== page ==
The Future of UX – An Aging Population and the Curb Effect

Advances in biotech, artificial intelligence, robotics, and big data are about to shape the coming century in unimaginable ways, some of which are predictable, and some which are not. Either way it’s fun to speculate about the different ways industries will be transformed. Another plot developing alongside advancing technology is the baby boomer generation moving into retirement age. Today, the average age of baby boomers is 65. By 2030, around 19% of people in the US will be over 65 (the same percentage of people who own iPhones today).  In Canada, the population growth rate for 65+ age range is four times faster than the population at large! As this enormous swell of people reach their late 60’s and early 70’s, you’d be hard pressed to think of an industry which will remain unaffected by this demographic’s unique wants and needs. How will the tech industry adapt? As UX designers, what sorts of considerations will we need to incorporate into our practice to ensure we are being inclusive to an aging population?

What first comes to mind as a UX designer is the challenge of accessibility, as it will now be a necessity rather than a ‘nice-to-have’ aspect of product design; similar to how responsive design is now integral to the design process. Basic facilities such as vision, color vision, motor skills, memory, and cognitive skills begin to decline around the age of 40. Studies have shown that finger tapping declines later than some other motor skills, hinting towards an increasingly touch based interfaces.  These are the sort of things we’re going to have to face as UX designers, and we should really feel the weight of our responsibility to make the products we’re designing as accessible as possible, and to think of creative ways we can contribute to the industry as a whole.

The senior population we are going to be designing tech for in the next decade will likely be very savvy internet users and will be accustomed to doing many everyday tasks online, such as banking, shopping, booking travel, finding health information, or keeping connected with friends and family. By the time baby boomers reach this age however, we will be in a very different technological landscape. Devices such as smartphones and laptops will look like relics, and most computers will be embedded in the physical objects and spaces interact with in our everyday lives. The internet of things is just around the corner, and I wouldn’t be surprised if the aging population ushers in this era sooner than we expect it.The good news is, this new pressure to create user interfaces which appeal to an aging population, will likely end up benefiting all of us, and pave the way for more user friendly technologies. As we’re moving into this new era of wearable tech, robotics, virtual/augmented reality, and the internet of things, every industry will be allocating more resources towards accessibility and focusing on user experience. There is no doubt that this will lead to a future where new tech blends seamlessly into our world and does was it was intended to do; make our lives easier. This is known as the curb effect; when something designed for people with disabilities ends of benefiting everyone.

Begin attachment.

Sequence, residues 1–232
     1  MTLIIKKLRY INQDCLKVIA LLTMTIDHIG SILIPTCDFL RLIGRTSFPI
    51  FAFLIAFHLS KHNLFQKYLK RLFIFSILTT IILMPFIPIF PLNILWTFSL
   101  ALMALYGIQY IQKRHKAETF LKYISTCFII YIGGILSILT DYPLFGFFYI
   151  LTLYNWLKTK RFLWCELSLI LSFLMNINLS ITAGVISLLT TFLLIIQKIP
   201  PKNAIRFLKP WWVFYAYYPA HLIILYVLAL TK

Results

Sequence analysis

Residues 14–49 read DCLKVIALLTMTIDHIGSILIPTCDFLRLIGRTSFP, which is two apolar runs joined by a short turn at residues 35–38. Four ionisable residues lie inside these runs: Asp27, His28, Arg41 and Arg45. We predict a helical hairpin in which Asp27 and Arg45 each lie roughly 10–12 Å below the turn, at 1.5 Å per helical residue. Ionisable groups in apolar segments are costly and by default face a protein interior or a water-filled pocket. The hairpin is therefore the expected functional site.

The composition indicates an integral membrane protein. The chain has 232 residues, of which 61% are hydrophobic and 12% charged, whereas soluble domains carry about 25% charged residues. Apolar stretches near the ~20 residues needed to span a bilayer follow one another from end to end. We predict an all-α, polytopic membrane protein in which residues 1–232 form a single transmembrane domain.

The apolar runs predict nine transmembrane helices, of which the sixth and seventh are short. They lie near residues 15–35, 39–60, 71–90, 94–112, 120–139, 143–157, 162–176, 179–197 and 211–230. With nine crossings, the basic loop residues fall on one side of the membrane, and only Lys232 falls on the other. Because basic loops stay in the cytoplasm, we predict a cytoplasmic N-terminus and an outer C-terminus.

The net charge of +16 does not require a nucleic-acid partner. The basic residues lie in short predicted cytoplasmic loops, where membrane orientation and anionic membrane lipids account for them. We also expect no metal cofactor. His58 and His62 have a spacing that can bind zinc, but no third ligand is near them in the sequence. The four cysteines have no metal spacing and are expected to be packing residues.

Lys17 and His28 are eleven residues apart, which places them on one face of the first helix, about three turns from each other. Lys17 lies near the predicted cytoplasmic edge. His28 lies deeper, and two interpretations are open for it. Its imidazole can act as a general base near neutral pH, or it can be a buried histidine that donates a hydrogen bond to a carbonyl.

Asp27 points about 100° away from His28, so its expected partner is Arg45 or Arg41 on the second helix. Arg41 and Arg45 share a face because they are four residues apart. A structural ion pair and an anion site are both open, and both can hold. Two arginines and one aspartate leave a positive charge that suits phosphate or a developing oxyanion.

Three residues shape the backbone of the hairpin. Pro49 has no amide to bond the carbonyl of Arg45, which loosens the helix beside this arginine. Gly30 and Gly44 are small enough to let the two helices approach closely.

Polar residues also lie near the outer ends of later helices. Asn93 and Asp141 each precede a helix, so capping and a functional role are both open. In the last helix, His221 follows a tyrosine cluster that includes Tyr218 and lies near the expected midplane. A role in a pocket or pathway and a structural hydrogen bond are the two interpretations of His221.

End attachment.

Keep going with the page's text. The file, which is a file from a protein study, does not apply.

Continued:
A good way to get a glimpse into North America’s future, is to look at what is happening in Japan. Today, one in five people in Japan are over the age of 65, and by 2035 that number is expected to reach one in three! There is already heavy pressure on the government and private industry alike to develop products that can help with this age disparity. Enabling seniors to be more independent and prolong their years of contribution to society is of vital importance to the Japanese economy. In fact, one-third of the Japanese government’s budget is allocated to developing “care-bots”, which are robots designed to assist elderly people with mobility and other daily activities. There are many interesting developments catering to this demographic, such as robot cats to keep seniors company, robot companions to lift seniors from bed or help them move around their homes, smart shirts and  socks which can detect falls and call for help, and the list goes on. There is even a GPS walking stick which helps you navigate around the city, tracks your heart rate, and lets your loved ones know where you are. Wheel chairs have been developed which sense obstacles and can move through crowded areas fairly easily. One thousand seniors were given free iPads in a joint initiative by Japan Post, IBM, and Apple, who are planning on increasing that number to five million by 2020 if it is successful. These trends are already taking shape in North America, and we can only expect these types of initiatives to grow in numbers as the largest demographic wave in history moves into their 70’s. Fun fact for perspective: 90% of elementary schools in the U.S. were build to accommodate the children of the baby boomers.

It will not only be interesting to see how these technologies advance in the coming years, but how they will be shaped by the audience they are being designed for. Researchers at the University of Missouri are using Kinect motion sensors to monitor elderly people in their homes. A wearable device called “Nurse Alert” gives you access to a nurse hotline 24/7 and will call for medical help if you fall or your heart rate becomes abnormal.  A study recently found that elderly people were more inclined to ride bicycles if they had virtual reality images of California or outer space in front of them,  and that the virtual landscapes stimulated their brains in positive ways. Virtual reality has also been successfully shown to decrease fall risk in older adults. The necessity of catering to an aging population as technology rapidly advances into new frontiers make UX design an indispensable part of product development, and give UX designers a unique set of challenges to overcome.